Super NES Classic Edition[edit]

Package for SNES mini
Super NES Classic Edition
Main article: Classics § Super NES Classic Edition

Announced on June 26, 2017, the Super NES Classic Edition (known as the Nintendo Classic Mini: Super Nintendo Entertainment System in Europe and Australia and Nintendo Classic Mini: Super Famicom in Japan) is a smaller version of the Super Nintendo Entertainment System, and the successor to the NES Classic Edition. It comes with 21 pre-installed SNES games, including five games in the Super Mario franchise: Super Mario World, Super Mario Kart, Donkey Kong Country, Super Mario World 2: Yoshi's Island, and Super Mario RPG: Legend of the Seven Stars. It was released on September 29, 2017 in North America and Europe, September 30 in Oceania, and October 5 in Japan.

Appearances in the Super Mario franchise[edit]

Super Mario series[edit]

In the Super Mario series, Super Mario World had a Special Zone that used the logo for the Japanese and European markets, and in Super Mario Odyssey, one of the filters that is available for use in Snapshot Mode is the graphics style of the SNES.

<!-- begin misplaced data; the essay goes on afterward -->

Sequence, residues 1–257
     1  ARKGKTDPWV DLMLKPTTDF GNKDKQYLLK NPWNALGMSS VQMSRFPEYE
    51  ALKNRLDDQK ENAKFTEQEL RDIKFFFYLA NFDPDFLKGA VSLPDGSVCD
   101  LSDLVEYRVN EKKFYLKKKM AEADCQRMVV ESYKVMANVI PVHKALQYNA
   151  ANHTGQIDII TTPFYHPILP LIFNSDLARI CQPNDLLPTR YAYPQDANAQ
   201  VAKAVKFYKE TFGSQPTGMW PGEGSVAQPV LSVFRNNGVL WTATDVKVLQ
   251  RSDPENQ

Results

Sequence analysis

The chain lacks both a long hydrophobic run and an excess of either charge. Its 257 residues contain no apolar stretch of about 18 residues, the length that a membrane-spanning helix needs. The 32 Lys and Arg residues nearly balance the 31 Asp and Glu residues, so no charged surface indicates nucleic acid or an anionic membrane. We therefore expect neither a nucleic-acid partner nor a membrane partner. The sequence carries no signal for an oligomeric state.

Donkey Kong Country 2: Diddy's Kong Quest[edit]

In Donkey Kong Country 2: Diddy's Kong Quest, giant SNES controllers appear in both Monkey Museum and the Interior of The Flying Krock.

Club Nintendo[edit]

Mario and Luigi's spaceship resembling the SNES
Mario and Luigi's SNES-like spaceship

A spaceship shaped like the PAL version of the SNES appeared in the 1997 Club Nintendo comic, "Die Jagd nach dem Nintendo 64: Krawall im All". It was used as a metaphor, referring to the discontinuation of the console, and the launch of the Nintendo 64. In the comic, Mario and Luigi traveled with this spaceship, in search for a new one. During their quest they had to compete against Wario and Bowser who chased after the new spaceship as well. At the end of the comic, the spacecraft turned out to be the Nintendo 64 and the plumbers went on to take possession of it (abandoning the SNES-spaceship), being hailed by several of their friends.